- A student must pass 32 courses with a cumulative average of 2.00.
- A student must complete a minimum of 16 courses on campus; twelve courses must be completed on campus after the student has matriculated and has declared a major. The final four courses or six of the last eight courses immediately preceding graduation must be completed on campus. To be considered "on campus" a student must be registered for a numbered course at Dickinson and must be physically on the Dickinson campus for this course work.
5. Major: Students must complete all requirements for a major. Majors consist of 10 to 16 courses. See the "Courses of Study" section below for the list of majors available to students.
The major is normally selected during the spring of the student's sophomore year. The departments determine the student's acceptance as a major upon the basis of stated criteria. The department assigns the accepted student to an advisor, using the student's preference as one of the bases for assignment. A student must be accepted for a major field of concentration by the time he or she earns junior standing. A student who does not have a declaration of a major on file in the Registrar's Office by the end of the semester in which the sixteenth course (counting towards the degree) is completed may be required to withdraw from the college.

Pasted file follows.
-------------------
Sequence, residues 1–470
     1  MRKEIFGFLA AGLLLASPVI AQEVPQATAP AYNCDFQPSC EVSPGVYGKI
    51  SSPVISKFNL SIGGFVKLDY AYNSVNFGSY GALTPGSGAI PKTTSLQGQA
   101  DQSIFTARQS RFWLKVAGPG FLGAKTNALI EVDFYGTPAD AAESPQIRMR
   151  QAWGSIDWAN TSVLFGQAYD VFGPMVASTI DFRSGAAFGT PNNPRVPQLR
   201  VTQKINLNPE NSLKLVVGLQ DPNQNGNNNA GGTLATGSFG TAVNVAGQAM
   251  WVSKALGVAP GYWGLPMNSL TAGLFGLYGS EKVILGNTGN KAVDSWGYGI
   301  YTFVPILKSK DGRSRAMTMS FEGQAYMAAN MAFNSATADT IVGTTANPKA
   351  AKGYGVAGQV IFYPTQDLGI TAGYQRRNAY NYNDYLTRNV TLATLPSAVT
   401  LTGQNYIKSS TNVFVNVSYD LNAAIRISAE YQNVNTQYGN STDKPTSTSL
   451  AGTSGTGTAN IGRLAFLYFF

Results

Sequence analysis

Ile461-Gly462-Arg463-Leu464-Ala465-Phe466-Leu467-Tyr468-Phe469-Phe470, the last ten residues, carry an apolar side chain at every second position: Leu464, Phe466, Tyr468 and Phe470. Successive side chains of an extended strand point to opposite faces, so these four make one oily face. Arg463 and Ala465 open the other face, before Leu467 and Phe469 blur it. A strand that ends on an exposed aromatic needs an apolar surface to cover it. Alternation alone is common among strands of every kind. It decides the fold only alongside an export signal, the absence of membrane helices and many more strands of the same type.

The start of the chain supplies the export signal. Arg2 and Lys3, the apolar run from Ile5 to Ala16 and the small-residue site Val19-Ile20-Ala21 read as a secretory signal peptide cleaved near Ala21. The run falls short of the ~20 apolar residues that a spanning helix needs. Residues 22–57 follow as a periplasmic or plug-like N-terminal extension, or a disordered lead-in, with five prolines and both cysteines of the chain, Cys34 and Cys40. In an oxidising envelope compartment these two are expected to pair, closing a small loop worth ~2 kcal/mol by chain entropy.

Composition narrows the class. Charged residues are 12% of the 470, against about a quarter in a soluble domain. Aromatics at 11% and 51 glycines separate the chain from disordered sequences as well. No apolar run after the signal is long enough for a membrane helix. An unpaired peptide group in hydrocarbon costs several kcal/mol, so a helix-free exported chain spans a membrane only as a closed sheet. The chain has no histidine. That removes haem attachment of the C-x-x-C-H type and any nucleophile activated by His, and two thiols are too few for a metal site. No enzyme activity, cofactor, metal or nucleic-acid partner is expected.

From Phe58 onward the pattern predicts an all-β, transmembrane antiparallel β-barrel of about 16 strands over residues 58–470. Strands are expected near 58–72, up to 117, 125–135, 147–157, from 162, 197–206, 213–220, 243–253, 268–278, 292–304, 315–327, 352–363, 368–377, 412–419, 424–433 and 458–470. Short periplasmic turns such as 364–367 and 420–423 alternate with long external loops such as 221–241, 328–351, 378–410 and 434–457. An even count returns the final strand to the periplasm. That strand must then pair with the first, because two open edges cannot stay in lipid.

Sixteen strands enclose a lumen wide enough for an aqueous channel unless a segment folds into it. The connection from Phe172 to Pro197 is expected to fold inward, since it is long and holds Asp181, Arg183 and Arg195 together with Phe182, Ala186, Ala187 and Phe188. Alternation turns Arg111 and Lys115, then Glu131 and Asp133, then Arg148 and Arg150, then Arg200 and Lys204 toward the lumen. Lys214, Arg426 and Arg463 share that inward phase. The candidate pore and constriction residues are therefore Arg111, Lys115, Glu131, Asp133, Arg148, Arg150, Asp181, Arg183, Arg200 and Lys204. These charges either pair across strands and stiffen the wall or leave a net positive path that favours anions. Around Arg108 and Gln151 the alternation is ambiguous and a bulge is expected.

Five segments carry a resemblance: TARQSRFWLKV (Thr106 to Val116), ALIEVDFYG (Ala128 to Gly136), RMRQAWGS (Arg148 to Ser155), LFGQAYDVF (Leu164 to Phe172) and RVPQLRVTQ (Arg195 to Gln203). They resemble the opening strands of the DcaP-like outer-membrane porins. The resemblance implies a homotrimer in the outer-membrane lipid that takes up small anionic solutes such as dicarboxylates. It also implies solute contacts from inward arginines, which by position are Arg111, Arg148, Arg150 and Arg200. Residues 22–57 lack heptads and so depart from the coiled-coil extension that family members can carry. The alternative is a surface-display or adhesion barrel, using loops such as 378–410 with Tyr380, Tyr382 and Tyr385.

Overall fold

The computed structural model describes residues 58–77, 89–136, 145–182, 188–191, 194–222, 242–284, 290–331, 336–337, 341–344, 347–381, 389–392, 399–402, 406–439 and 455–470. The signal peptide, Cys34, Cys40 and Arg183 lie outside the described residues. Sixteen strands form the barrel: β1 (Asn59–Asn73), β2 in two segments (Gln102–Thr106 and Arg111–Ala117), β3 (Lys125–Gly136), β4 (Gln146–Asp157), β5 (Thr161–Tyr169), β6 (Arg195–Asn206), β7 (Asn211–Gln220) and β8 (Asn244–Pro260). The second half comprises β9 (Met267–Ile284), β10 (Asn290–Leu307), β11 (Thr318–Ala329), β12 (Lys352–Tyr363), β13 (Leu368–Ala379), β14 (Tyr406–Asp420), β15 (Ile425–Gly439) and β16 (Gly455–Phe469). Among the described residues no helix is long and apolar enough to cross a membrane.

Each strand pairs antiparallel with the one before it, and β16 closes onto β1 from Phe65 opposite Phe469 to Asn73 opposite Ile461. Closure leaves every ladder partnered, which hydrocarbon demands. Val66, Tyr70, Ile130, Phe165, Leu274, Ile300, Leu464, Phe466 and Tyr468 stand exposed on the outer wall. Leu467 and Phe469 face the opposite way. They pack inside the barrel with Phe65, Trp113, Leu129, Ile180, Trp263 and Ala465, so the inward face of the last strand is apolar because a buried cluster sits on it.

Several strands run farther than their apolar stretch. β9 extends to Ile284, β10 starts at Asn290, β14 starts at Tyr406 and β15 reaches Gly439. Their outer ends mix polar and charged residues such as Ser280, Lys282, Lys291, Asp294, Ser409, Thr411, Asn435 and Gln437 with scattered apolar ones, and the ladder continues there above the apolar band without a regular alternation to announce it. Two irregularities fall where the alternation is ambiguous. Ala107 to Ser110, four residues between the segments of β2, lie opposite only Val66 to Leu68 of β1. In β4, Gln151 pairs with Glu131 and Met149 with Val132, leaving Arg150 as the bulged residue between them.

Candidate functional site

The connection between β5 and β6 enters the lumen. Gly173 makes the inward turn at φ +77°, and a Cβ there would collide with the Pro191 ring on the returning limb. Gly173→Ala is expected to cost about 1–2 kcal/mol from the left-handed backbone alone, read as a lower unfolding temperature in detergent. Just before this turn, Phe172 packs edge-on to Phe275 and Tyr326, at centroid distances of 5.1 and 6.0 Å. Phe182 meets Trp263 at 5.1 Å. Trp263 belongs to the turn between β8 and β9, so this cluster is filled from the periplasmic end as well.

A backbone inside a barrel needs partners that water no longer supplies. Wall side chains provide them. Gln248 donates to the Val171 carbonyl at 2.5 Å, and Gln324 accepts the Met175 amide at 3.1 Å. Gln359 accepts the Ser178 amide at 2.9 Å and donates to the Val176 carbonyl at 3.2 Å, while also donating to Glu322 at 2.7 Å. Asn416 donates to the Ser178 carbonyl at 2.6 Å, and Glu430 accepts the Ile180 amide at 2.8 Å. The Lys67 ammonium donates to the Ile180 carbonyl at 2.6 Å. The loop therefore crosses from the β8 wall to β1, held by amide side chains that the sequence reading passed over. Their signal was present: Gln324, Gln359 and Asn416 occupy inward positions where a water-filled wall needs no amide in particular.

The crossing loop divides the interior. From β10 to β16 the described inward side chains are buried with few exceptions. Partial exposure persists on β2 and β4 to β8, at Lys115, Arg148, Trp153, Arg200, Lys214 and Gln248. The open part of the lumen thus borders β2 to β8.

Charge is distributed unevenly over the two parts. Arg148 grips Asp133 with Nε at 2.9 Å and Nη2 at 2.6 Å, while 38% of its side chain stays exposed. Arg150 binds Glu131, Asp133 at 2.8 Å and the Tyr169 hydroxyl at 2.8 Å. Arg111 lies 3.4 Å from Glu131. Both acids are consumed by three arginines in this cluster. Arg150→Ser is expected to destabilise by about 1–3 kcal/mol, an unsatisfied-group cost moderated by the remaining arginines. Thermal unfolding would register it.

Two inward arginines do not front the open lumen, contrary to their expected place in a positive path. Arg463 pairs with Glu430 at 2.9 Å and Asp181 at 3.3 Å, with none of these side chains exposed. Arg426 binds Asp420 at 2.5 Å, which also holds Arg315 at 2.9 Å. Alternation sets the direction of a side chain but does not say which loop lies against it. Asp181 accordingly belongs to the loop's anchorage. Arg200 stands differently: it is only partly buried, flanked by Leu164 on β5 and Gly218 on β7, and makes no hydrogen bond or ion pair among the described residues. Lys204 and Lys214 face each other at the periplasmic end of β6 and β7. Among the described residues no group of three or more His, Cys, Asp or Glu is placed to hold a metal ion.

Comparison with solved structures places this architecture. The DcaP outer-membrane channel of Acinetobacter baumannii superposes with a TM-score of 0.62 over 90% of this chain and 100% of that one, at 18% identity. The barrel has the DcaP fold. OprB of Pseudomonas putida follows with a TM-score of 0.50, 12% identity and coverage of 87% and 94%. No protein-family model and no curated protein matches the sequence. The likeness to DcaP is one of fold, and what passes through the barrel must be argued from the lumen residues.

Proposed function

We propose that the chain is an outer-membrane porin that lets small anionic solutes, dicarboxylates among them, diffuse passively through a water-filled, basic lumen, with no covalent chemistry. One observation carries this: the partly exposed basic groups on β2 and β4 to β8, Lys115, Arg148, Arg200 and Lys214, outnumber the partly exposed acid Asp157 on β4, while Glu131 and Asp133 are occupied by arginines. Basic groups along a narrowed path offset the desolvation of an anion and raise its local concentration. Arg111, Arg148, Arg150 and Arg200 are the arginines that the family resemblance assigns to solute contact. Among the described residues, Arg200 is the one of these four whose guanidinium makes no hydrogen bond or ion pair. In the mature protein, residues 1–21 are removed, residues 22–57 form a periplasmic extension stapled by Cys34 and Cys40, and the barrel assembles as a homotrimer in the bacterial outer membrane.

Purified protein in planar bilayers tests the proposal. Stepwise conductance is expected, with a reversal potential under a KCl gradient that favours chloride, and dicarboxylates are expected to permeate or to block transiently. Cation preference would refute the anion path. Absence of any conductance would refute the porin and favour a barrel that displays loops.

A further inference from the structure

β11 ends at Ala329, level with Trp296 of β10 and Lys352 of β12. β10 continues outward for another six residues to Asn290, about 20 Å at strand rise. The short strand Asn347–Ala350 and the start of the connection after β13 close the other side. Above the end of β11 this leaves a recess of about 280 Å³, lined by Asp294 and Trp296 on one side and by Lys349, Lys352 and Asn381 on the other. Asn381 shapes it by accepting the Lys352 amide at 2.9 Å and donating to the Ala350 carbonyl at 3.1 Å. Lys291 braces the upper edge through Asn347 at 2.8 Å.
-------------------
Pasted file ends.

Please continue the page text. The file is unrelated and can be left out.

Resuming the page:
The student may also elect a minor field of study which usually consists of six courses of academic work specified by the department offering the minor. If a student completes a minor in one or more fields of concentration, this fact will be noted on the permanent record when the degree is posted.
If a student intends to major in more than one department, approval must be secured from each department. This student must develop a program in consultation with both departments, and therefore must be advised jointly by a member from each department and must secure approval of both advisors. The same course may be counted for more than one major except for courses under the self-developed major program. However, a student will receive only one degree.
Students who wish at any time to change a major must be accepted by the new department in accordance with normal procedures for declaring a major.
Latin Honors: A student in any field who attains an average of 3.90 - 4.00 in the total program at Dickinson College shall be awarded the degree summa cum laude. A student who attains an average of 3.70 - 3.89 in the total program at Dickinson College shall be awarded the degree magna cum laude. A student who attains an average of 3.50 - 3.69 in the total program at Dickinson College shall be awarded the degree cum laude.
Academic Honorary Societies: The Pennsylvania Alpha chapter of Phi Beta Kappa was established at Dickinson College on April 13, 1887. Election to membership is the highest academic honor available to a Dickinson student. To be considered, a student must first satisfy specific criteria (GPA, total number of courses, number of Dickinson graded courses) set for each of the two elections held annually. For each class, the number of students considered does not exceed 10 percent of the total number graduating in the class. Student members are elected primarily on the basis of academic achievement, broad cultural interests, and good character.